/The House and Senate bills remove the requirement for licenses for nail polishers, natural hair braiders and wrappers, and boxing announcers and timekeepers.
Some of the bill’s finer details concern people in communities, and what is deemed an unnecessary license requirement for a particular occupation is up for debate.
Valencia Jones, owner of Mandisa Ngozi Art & Braiding Gallery in Tallahassee, learned that the legislation removed license requirements for natural hair braiding and wrapping and she was fearful about substandard sanitation practices.
Jones currently supports the bill but has other concerns.
Jones said that formal education in caring for natural hair can prevent negative reactions to products and hair loss due to improper braiding techniques. Proper sanitation techniques also work to prevent the spread of HIV, scalp diseases, and ringworm during hair care.
The lawmakers backing the legislation are determined to see it through. For example, Albritton invited opponents to visit him in his Senate office to work through their concerns.
He is open to criticism and change. Albritton initially wanted to remove the requirement for makeup applicators to have a license to practice. But then, he changed his mind after speaking with professionals in cosmetology.
“There are a lot of funky chemicals that they use,” Albritton remarked at a hearing.
Other changes related to adjusting education hours for various occupations. That way, low-income students can still receive federal Pell grants, which provide aid for classes in their occupation.
Americans for Prosperity, a group backed by Charles Koch of Koch Industries, have been pushing state senators to support occupational licensing deregulation, according to the Orlando Sentinel.
Opponents are concerned about removing licensing requirements to provide nutritional and dietary guidance. In the House bill, so long as individuals do not claim that they are licensed dieticians or nutritionists, they can provide paid nutritional advice.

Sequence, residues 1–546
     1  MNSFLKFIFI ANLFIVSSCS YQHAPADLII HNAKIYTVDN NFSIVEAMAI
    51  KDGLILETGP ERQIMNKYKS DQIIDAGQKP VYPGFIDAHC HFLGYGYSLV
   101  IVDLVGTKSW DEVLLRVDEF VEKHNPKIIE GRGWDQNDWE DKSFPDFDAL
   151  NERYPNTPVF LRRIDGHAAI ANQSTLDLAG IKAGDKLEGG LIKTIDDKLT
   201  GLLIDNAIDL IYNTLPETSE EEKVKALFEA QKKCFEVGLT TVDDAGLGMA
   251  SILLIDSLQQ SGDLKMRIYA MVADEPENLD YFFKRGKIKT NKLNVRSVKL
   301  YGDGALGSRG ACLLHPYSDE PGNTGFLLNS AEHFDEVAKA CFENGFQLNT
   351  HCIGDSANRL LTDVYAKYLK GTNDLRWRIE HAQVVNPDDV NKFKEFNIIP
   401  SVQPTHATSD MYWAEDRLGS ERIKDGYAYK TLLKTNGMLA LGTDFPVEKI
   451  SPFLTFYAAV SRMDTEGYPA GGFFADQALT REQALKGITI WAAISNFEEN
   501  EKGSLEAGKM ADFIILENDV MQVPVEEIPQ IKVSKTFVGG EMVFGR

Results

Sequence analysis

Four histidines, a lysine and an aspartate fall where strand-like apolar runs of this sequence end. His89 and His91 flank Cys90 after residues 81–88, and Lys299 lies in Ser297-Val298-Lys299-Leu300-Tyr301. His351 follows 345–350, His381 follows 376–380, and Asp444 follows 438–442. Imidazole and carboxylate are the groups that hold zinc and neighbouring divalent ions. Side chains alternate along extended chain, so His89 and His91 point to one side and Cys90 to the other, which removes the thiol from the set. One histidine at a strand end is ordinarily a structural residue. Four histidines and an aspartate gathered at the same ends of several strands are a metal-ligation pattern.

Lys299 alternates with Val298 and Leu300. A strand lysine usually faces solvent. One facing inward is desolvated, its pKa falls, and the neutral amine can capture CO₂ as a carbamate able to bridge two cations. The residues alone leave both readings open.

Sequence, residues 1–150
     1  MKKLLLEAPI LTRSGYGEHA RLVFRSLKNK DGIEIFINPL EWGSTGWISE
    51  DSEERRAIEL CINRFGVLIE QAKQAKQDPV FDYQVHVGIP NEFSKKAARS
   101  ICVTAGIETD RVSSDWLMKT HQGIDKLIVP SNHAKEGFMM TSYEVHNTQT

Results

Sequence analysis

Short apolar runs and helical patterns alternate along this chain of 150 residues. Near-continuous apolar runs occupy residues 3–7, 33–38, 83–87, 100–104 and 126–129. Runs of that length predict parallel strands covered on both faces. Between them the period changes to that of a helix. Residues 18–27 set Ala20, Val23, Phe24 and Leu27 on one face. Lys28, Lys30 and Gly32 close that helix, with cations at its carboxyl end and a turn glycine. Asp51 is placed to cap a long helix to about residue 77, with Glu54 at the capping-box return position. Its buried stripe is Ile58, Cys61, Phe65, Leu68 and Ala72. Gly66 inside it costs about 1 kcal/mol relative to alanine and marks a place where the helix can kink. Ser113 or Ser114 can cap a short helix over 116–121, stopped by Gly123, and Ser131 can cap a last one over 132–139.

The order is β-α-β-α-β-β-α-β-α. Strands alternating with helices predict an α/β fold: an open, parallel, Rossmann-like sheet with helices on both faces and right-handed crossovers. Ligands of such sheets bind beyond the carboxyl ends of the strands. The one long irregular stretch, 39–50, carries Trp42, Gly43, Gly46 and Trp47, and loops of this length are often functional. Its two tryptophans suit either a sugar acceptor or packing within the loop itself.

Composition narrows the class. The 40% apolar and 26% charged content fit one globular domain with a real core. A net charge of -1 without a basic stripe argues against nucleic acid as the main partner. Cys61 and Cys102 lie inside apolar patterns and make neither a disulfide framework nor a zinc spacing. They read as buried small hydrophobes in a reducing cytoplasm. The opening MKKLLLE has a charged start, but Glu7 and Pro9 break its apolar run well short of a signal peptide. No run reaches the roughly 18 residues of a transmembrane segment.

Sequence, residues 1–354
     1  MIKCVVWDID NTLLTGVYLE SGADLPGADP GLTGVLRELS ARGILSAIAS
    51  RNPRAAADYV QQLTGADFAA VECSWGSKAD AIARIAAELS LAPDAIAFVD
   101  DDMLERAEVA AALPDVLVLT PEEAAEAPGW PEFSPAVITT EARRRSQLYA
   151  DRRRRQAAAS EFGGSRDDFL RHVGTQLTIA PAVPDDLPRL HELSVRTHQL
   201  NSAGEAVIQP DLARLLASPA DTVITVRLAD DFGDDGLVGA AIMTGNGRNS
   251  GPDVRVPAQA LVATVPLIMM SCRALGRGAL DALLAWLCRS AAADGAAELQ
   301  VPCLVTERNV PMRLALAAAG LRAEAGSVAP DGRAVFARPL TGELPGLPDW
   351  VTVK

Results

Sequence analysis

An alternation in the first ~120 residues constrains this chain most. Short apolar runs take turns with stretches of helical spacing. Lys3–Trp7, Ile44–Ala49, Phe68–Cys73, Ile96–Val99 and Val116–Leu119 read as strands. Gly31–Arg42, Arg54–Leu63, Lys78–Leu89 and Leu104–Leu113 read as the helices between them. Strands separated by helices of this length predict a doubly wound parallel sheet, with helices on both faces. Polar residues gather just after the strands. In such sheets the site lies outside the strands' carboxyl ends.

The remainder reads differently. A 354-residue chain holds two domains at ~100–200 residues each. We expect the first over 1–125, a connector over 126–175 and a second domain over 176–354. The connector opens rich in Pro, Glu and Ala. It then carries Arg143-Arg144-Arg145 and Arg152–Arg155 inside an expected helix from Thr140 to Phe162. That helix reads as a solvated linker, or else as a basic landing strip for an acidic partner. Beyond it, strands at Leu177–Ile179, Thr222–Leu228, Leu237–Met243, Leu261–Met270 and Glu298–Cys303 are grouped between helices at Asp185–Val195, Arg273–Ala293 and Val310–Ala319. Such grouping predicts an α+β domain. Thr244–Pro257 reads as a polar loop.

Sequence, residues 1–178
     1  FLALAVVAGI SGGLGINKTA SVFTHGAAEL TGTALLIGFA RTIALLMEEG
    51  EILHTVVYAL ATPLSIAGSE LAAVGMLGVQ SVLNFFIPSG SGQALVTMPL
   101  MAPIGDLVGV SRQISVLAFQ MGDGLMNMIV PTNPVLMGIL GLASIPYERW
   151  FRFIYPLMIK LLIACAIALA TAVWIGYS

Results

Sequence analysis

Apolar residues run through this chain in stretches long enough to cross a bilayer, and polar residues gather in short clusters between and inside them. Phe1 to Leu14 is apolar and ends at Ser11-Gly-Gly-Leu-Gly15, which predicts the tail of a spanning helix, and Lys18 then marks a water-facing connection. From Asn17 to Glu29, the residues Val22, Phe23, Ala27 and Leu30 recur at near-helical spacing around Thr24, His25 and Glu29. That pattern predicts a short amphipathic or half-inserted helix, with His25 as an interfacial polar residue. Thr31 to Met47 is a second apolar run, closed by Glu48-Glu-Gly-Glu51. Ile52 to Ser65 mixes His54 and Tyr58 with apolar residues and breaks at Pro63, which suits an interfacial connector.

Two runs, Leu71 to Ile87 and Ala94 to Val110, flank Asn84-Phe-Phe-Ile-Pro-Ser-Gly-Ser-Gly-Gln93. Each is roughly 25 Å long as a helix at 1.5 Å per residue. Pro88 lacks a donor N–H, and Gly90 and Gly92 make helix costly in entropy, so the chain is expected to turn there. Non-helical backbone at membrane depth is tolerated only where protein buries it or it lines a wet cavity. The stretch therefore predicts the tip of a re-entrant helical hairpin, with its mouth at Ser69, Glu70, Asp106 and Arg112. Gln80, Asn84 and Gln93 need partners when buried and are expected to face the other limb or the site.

“The license requirement holds a responsibility as a part of the health care system to provide critical, therapeutic, and preventative care to our patients and community members,” said Afaf Qasem, who is a state policy representative and state regulatory specialist at Florida Academy of Nutrition and Dietetics. “Therefore, we should not be grouped with medical nonprofessionals in this bill.”
Brett Ewer, representative of CrossFIT, Inc. from Washington D.C., supports no longer needing a license to provide paid nutritional and dietary guidance. He argues that, under current Florida law, trainers cannot recommend nutritional advice to their clients.
State Rep. Blaise Ingoglia, a Republican representing part of Hernando County, is the sponsor of the House bill on occupational licensing deregulation.
As to interior designers who are still concerned about the legislation, Ingoglia cites Florida as one of only six states that regulate commercial interior designers.
“So, when a question on safety, health, welfare of the public,” said Ingoglia, “I would ask you a question, and you can answer yourself. ‘Do you think that the people in the other 44 states are less healthy, and less taken care of?”
Ingoglia then complimented Ewer’s testimony and classified current nutritional and dietetic licensing requirements as a “censoring of free speech.”